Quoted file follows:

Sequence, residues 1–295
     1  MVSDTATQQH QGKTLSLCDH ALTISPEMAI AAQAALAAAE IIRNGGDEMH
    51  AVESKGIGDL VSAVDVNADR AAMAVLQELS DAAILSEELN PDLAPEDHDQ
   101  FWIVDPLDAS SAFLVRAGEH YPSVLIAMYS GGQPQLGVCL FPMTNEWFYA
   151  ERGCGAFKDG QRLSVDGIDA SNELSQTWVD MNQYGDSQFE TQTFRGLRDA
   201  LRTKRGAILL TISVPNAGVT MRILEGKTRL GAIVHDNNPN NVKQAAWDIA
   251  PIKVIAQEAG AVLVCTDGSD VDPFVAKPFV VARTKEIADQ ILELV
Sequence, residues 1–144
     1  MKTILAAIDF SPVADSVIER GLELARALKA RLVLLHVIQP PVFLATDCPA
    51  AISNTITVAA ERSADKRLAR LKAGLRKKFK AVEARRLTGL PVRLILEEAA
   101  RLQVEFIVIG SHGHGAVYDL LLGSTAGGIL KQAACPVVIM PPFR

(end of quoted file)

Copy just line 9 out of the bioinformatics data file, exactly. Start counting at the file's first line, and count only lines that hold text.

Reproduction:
     1  MKTILAAIDF SPVADSVIER GLELARALKA RLVLLHVIQP PVFLATDCPA